Cas Sigers Beedles Brings ‘Unthinkably Good Things’
Interviews

Cas Sigers Beedles Brings ‘Unthinkably Good Things’

Cas Sigers Beedles is a professional writer, director, and producer who has been killing it at the game for over 15 years! Her most recent project was Unthinkably Good Things, the first movie to launch Hallmark’s newest venture, Hallmark Mahogany, based on the popular greeting cards and she also wrote Mahogany’s first Christmas movie that will premiere later this year!

Cas, thank you for interviewing with BGS today! As a big fan of Hallmark, I love that they're seeking authentic representation of us and you're leading the charge with the first film! Can you tell us a bit about your origin story and how you fell in love with writing?

I wanted to be a writer but my father – a math professor – didn’t understand what I wanted to do with writing if I didn’t want to be a teacher, so I originally went to school for clothing and textiles. After I got degrees in those, I worked as a clothing designer at a children’s ware company, and I’d style music videos on the side. 

One day they needed a treatment for something they were going to shoot so I wrote one up and I actually got paid for it. I think it was about $1,000 so I wanted to keep doing those because I got that from doing one page. I did that for a while then I quit my job and started writing my first novel which led to me moving to Atlanta, but of course, I ran out of money.

So, while working as a costumer on another set I ended up meeting Terri Vaughn. I gave her my book and she ended up loving it and passing it to her agent who also loved it and wanted to turn it into a TV show. They invited me to LA and that was the start of it all. That book never got optioned but Terri and I ended up starting a company and ended up pitching a series to a company (small at the time) that ended up becoming UPTV and they made my movie, A Cross To Bear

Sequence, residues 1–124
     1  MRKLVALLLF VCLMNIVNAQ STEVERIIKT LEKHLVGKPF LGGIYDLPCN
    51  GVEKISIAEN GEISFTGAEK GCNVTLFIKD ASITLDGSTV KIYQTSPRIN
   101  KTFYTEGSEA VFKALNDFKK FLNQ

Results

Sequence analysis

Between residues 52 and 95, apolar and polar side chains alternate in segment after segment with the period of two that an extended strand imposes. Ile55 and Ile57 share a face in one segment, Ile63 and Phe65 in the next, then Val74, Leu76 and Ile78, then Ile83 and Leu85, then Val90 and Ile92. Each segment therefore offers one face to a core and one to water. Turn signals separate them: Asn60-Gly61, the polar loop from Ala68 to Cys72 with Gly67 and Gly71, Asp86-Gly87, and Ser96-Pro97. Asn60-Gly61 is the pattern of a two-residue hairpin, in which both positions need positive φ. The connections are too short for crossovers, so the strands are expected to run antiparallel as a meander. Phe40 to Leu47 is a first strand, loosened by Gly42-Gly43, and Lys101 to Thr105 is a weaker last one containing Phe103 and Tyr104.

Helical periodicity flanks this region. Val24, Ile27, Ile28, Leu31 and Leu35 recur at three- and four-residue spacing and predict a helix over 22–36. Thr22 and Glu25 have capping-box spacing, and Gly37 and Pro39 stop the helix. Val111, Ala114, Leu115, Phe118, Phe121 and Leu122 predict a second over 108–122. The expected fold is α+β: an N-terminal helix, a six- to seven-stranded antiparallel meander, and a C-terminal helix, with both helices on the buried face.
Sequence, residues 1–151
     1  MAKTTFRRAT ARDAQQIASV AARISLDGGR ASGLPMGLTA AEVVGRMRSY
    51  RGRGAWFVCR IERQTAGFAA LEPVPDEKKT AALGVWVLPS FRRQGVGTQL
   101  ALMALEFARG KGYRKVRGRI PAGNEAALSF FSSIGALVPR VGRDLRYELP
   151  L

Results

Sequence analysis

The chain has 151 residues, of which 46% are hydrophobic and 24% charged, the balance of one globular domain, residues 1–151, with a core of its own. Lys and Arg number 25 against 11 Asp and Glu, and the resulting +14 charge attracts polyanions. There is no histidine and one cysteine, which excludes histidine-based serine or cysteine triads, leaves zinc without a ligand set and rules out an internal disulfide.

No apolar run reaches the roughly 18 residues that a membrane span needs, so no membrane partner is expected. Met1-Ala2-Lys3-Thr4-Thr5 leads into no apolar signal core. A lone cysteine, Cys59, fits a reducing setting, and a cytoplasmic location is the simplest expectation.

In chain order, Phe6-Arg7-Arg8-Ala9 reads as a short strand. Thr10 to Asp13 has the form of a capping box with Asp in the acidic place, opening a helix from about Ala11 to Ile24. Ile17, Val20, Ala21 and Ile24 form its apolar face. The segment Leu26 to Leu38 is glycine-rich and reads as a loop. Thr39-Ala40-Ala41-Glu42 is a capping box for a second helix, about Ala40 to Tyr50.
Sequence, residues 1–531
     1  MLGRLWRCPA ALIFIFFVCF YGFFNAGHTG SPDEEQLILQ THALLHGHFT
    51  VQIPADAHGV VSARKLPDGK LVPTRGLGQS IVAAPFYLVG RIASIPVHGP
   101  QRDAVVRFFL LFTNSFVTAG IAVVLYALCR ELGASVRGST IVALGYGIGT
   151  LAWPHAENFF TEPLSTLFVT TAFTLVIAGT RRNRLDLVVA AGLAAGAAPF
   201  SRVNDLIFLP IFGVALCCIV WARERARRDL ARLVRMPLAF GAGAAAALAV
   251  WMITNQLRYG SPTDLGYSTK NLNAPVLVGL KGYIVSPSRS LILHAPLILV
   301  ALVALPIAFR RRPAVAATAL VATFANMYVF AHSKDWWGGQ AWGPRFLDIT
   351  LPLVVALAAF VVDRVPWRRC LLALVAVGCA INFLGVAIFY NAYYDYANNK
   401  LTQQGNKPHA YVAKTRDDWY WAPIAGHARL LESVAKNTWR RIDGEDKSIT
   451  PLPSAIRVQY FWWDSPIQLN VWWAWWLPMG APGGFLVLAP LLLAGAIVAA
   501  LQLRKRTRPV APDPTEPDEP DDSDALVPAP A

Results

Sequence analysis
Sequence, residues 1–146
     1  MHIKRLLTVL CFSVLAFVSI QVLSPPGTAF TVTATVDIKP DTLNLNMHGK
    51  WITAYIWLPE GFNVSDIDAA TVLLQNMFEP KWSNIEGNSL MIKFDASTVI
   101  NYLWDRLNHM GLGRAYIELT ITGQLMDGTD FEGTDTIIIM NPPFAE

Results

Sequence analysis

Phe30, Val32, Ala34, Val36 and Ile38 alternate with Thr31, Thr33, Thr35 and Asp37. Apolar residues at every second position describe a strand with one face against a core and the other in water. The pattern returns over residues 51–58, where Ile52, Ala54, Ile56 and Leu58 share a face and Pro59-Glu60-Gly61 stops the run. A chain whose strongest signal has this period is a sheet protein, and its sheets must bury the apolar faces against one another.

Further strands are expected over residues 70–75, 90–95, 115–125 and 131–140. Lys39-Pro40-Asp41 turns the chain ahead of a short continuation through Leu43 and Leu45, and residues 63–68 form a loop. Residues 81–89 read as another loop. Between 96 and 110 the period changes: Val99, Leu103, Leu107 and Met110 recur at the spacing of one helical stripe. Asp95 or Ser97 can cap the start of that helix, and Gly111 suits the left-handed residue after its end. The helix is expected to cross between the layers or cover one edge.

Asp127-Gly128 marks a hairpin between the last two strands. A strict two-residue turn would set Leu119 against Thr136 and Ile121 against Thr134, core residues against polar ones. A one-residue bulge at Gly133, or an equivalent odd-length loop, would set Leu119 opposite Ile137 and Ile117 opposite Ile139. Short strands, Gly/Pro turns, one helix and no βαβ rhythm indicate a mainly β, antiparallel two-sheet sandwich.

Amazing! You've written and/or produced fan favorite TV movies such as Girlfriends Getaway 1 & 2, Between Sisters, and 'Twas The Chaos Before Christmas - a movie I've watched every year since its debut. Where do you find inspiration for such insightful and entertaining stories?

Real life. I know a lot of people and meet a lot on my journey. I also study people. I’ll go to an airport really early and people watch. I’ll see how they move, walk, talk, different things like that. Also, I’ve lived an amazing life. Sometimes they’re my family stories or my crazy stories and of course, I adjust a bit, but inspiration comes from real life. That’s what I think makes the characters authentic.

You wrote the first movie for Hallmark Mahogany, Unthinkably Good Things, and soon to come, their first Christmas film! For Unthinkably Good Things, I've seen fans discussing their love of its authenticity, a major goal of Hallmark Mahogany. What was it like to make history with this film?

It was an honor. At first, it was just an honor for Toni Judkins (SVP of Hallmark Mahogany) to even ask me to do it. So, I was already thrilled and then I got scared because I knew it had to be right being that it was the kickoff film, but I worried that it wouldn’t be. However, I got over my fear and I think it was from making sure that we had the themes of what mahogany represented like love, sisterhood, and things that make you feel good – reasons I’ve been buying their greeting cards for years.